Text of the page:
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Producer, Coordinator, Facilitator: the Instructional Designer

Driving home after a long and worthwhile week at work I was meditating on why I love being an Instructional Designer. I decided to share the reasons in a short article:

Instructional Designers Produce– We create instructional materials. We make videos, we make guides, we produce training sessions and workshops. We bring content and learning materials to the audience as their needs require. If we don’t have the skills to do these things ourselves, we work with very skilled people to accomplish our design goals.

Instructional Designers Coordinate– We connect people with the right content. We might not know everything, but we work with Subject Matter Experts and work hard at finding information that is needed to make instruction successful. Connecting people to their needs is exciting!

Instructional Designers Facilitate– We share ideas and instruction to make things easier for our learners. We facilitate learning so our audience can do their work better.

learningAdults need to know why they need to learn something and how it benefits them. Making this transparent is the start to good Instructional Design.

Learning should be about connecting to the content and then sharing your knowledge and interests with others.

Adults learners need to interact with the content, demonstrate their use of the content, and share the content with others to help retain the learning.  Designing instruction for hands-on practice and collaboration makes for intriguing and exciting training.


Web Conferencing- Wimba

Tool: Wimba

Category: Web Conferencing

Description: Web conferencing tools are an Internet software that participants use to communicate with one another over Voice Over IP (VoIP) or dial-in services. Many Web conferencing services offer features such as a digital whiteboard, screen sharing, private chat and breakout rooms to make the conversation more than just a phone call. In addition, there are options to record the Web conferencing session, which is beneficial for those who miss a scheduled meeting or would like to review the content. Web conferencing services are beneficial in many different sectors, including corporate training and development departments, higher education, and education. The system can be used to conduct conference calls with remote employees, host virtual webinars at conferences, or conduct a synchronous class or training lesson.

Application/Example: I have trained Professors and students on how to effectively use Wimba as a meeting space for online classes. My work includes best practices such as muting microphones, engaging student participants with polls and questions, annotating PowerPoint slides to direct students’ attention to the content, and breaking an hour long session into 15-20 minute segments.

In my Wimba training course, I used examples of each of the Web conferencing features so that professors would see exactly what the features look like in the context of the online environment. I conducted training of these tools in two different segments- the first in which the professor takes on the role as the Moderator so they can learn to effectively use the tools. The second segment allows the professor to enter the Web conferencing system as a participant, which has limited access to the admin tools.  In this role, the professor experiences the Web conferencing tool from the viewpoint of the student and thus, is able to better design their own synchronous online lessons.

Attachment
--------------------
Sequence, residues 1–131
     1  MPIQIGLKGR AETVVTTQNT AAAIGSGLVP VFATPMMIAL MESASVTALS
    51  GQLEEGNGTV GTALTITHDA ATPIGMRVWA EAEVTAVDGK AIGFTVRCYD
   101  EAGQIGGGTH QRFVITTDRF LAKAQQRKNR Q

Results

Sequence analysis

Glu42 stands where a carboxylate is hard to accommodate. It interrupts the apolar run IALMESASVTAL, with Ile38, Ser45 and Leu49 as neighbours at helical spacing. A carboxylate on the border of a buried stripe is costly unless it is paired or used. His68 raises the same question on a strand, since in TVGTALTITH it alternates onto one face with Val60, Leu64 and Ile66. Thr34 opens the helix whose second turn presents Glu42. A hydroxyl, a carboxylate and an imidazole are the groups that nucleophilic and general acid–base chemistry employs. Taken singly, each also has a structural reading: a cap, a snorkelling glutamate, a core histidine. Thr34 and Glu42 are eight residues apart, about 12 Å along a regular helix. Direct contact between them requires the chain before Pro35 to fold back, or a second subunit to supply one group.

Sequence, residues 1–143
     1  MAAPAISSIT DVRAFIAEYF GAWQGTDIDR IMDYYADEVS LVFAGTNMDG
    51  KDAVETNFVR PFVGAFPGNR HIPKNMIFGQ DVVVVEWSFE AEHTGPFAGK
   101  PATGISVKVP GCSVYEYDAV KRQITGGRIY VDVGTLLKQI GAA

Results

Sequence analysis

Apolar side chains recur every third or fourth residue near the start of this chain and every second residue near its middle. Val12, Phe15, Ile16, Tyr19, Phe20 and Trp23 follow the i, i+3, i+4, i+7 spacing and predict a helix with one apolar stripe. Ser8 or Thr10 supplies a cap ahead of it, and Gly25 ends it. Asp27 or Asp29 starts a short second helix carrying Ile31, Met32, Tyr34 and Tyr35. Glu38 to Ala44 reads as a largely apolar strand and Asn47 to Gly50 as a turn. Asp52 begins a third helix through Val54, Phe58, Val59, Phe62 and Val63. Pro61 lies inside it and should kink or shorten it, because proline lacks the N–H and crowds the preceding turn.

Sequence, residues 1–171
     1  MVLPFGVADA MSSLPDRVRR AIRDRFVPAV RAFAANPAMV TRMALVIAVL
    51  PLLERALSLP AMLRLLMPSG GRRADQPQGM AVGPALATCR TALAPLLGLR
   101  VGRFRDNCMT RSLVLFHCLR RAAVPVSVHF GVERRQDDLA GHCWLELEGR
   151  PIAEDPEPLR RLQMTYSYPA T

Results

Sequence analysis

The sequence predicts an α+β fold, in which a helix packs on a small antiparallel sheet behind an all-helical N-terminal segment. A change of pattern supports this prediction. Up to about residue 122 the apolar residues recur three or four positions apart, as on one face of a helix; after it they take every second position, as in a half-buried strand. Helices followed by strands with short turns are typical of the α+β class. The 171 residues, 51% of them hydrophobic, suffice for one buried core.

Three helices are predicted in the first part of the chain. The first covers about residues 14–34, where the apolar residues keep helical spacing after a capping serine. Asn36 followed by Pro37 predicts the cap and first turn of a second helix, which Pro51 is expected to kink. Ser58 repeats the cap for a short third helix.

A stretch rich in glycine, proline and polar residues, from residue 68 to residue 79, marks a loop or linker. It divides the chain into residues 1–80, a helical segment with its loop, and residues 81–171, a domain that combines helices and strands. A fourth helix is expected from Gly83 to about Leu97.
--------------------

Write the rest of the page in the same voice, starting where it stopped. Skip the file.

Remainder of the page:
I also created visual User Interface quick guide for Professors to have as a reference when they are hosting a live session.


Wimba Moodle ViewBack to Portfolio

LMS- Moodle

Tool: Moodle

Category: Learning Management System (LMS)

Description: LMS are Web based software that is used to deliver online education and training programs. LMS can be beneficial in many different sectors, including corporate training and development departments, higher education, and education. The system is used for the administration, documentation, and reporting of eLearning. Typical features include resources, web links, discussion boards, and assessment tools. Training and online courses can be designed for instructor-led or self-paced study. Users (students or employees) securely log into the LMS to retrieve resources such as documents and videos. They can then be assessed based on quizzes and tests; the tool also allow for the submission of written work.  Communication tools include discussion forums, email, and messages (instant messaging).

Application/Example: I designed a Moodle course to train faculty members in using Moodle to instruct their own online courses. Faculty specializes in Management, Engineering, and the Sciences.

In my Moodle training course, I used examples of each of the Moodle features so that professors would see exactly what the features look like in the context of the online environment. I also created assignments, quizzes, and discussion forums so that the professors could experience these features from the viewpoint of the student and thus, be able to better design their own courses.



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The Great LMS Transition

BB_Moodle_icon_blog_31As an Educational Technologist, you may encounter a time in your career when you must evaluate and select a new vendor. I would like to recount one such experience. My department- an Online Graduate school- decided to evaluate learning management systems to see if a change would be beneficial and effective. Our analysis of several different vendors led us to the decision that, yes, a change would be positive. Now we needed to determine a transitional plan so that the change had a lesser impact:

Design the Layout of the Courses – A lovely and exciting task for an instructional designer! The online education department met several times to discuss and deliberate on the course layout, with our professors and students in mind. The professors would eventually take over the building of their courses, so we needed to make sure they had every feature they typically use. The students would be the end users. We had several faculty members act as Subject Matter Experts to help us with final decisions.

Have a plan­- The online education department had an agreed upon plan for the migration of the course sections (roughly 200 unique sections per term or 600 course sections total). Each member of the department would:

1) “Sign out” a faculty member, and document this information on the department-shared data sheet

2) Inform their faculty member that they would be working on transitioning the faculty member’s courses